From the Theatre of War, April 12, 1849

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Nothing has happened in the theatre of war. The imperial forces have held a big council of war in Pest and have decided to confine themselves to the defensive for the next four weeks and in the meantime round up reinforcements (50,000 men are mentioned!). The Magyars, however, are acting so challengingly that Windiscgrätz could not help showing his teeth — loose already — once more, despite this decision. On April 4 he advanced to Gödöllö three miles from Pest, and made his headquarters there. The Ost-Deutsche Post concludes from this that a battle is near. At Hatvan and also at Szegléd people say they have heard gun-fire, but what happened there is as yet quite unknown.[1]

Because of an announcement recently disseminated by the insurgents that Kossuth’s paper money [2] is to be regarded as legal tender and must be accepted on pain of martial-law treatment, the Government again insists that these money tokens are invalid and worthless and gives particular warning against accepting the ten-florin notes recently issued by Kossuth, since they will not only be subject to confiscation, but anyone on whom they are found is liable to penalties.

Baja, which had briefly fallen into the hands of the imperial forces, has been regained by the Magyars, who in general seem to be making considerable progress in the Banat. The Austrians can spread as ,@y martial-law rumours as they like, such as that Szegedin has been conquered and is in flames; their own papers are forced to contradict them and to admit that the Magyars are making considerable progress in the Bacska (between the Danube and Theiss).

Komorn is being heavily bombarded, but what good is that with a fortress in which every building is bomb-proof. To show their contempt for the imperial cannon, the garrison the other day made a man in dressing-gown and white nightcap walk about on the wall and dust it very carefully with a white handkerchief. The imperial cannon-balls whistled by on all sides, but the genial Hungarian did not allow himself to be at all disturbed in his absorbing occupation.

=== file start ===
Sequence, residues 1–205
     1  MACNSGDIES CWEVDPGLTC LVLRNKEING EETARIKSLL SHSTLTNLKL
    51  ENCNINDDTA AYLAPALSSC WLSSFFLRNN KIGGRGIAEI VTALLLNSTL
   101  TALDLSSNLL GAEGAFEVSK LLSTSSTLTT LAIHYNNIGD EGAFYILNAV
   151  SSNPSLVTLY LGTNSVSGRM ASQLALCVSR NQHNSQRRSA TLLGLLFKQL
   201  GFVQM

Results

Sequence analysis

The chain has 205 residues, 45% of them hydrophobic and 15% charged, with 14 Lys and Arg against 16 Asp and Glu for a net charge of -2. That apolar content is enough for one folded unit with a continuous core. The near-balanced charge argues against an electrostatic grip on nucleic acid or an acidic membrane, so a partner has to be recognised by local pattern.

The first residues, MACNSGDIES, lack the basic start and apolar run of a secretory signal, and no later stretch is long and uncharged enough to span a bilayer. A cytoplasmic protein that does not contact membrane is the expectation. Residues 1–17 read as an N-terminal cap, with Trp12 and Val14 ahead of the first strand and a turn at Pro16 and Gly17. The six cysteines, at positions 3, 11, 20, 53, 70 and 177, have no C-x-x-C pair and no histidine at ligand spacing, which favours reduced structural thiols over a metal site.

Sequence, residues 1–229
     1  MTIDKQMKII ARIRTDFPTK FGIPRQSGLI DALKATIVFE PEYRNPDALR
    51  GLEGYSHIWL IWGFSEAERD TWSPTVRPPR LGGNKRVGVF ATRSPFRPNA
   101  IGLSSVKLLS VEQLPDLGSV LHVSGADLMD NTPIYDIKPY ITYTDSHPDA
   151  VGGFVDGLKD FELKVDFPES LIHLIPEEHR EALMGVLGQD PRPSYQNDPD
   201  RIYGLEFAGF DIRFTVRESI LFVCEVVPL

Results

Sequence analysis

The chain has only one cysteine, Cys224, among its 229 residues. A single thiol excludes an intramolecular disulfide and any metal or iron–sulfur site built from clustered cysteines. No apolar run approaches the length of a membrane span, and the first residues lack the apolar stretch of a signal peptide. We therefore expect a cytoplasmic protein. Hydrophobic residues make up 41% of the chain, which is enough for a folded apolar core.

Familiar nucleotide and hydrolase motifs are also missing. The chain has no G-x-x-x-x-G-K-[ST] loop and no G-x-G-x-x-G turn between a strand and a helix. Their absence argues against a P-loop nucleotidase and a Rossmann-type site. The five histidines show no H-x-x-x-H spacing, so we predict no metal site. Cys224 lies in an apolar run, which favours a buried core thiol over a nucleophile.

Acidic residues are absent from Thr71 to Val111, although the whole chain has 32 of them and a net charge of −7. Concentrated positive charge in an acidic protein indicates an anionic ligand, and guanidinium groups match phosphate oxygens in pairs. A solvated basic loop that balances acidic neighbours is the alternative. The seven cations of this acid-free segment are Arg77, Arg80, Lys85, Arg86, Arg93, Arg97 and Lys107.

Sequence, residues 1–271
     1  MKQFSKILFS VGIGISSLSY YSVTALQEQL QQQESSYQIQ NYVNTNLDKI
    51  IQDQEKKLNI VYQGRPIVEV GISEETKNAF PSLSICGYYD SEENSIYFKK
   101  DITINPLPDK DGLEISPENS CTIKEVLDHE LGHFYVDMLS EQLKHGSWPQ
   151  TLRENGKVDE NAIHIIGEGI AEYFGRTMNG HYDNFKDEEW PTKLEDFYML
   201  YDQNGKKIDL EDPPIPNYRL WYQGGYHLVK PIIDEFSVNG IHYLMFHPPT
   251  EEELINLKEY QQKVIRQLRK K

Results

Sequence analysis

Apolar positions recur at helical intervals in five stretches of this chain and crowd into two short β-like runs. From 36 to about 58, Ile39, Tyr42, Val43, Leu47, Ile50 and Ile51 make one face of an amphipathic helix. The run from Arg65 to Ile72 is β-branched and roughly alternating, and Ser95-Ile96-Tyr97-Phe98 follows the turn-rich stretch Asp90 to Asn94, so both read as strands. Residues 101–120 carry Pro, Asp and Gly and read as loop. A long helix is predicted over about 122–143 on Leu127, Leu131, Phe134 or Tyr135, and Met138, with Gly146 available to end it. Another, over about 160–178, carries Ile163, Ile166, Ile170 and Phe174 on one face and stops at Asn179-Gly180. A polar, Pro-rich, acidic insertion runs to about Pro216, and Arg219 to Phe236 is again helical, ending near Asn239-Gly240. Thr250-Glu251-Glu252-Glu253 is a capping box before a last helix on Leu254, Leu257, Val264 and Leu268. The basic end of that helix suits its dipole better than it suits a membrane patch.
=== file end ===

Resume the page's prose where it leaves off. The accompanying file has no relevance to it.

There is nothing new from Transylvania. A martial-law report asserts that the Russians have invaded in superior strength and retaken the position recently conquered by the Magyars. Such brazen lies have rarely been told. Another report claims that, on the contrary, Bem has already arrived at the Theiss and declared that Transylvania was secure and that he had left 20,000 men there to garrison the country and the passes. The one assertion is as false as the other. Bem holds the whole of Transylvania and is still there, and in a few days he will perhaps hold all the country to the Danube and the Pruth.

  1. The bombardment of Hatvan on April 2, 1849 opened a new stage in the Hungarian offensive against the Austrian troops. It was prepared for by successful movements in the centre of military operations at the Theiss, Bem’s victories in Transylvania, guerilla warfare in areas occupied by the Austrians, and vigorous measures taken by the Kossuth Government (the Defence Council) to strengthen the army and mobilise all its resources for the struggle against the enemy. When Engels wrote this report he had not yet received the news of the battle at Hatvan. Meanwhile, the victory scored by the Hungarian army there and the subsequent blows inflicted by it on the Austrians at Tapio-Bicske (April 4), Isaczeg and Gödöllö (April 5-7), Waitzen (April 10), etc. brought about it radical change in the war in favour of revolutionary Hungary. On April 19, 1849 the Hungarians routed the Austrians in a decisive battle at Nagy-Sallo, advanced further, relieved Komorn on April 22, and liberated Pest on April 24. The defeated Austrian army retreated to the western border. The Hungarian command faced the prospect of spreading the revolutionary war into Austrian and German territory. However, because of anti-revolutionary sentiments among a number of high commanders, Görgey in particular, and the fear of diplomatic complications, it was decided to cease the pursuit of the Austrians and to turn the main forces towards the fortress of Buda, which was still held by an Austrian garrison. The siege of Buda was time-consuming (it was captured only on May 21) and this gave the Austrians the respite they needed to bring up new reserves and complete their talks with tsarist Russia about help in suppressing revolutionary Hungary (the final agreement was reached at the meeting of Francis Joseph and Nicholas 1 in Warsaw on May 2 1). All this had fatal consequences for the Hungarian revolution
  2. The reference is to the paper money issued in 1848-49 by the Hungarian revolutionary Government. The notes were first issued in May 1848. Despite the Austrian authorities' repeated ban on the "Kossuth notes", the Hungarian paper money was a serious competitor to Austrian money, not only within Hungary but also in Austria proper. The "Kossuth notes" were in circulation until almost the end of 1849.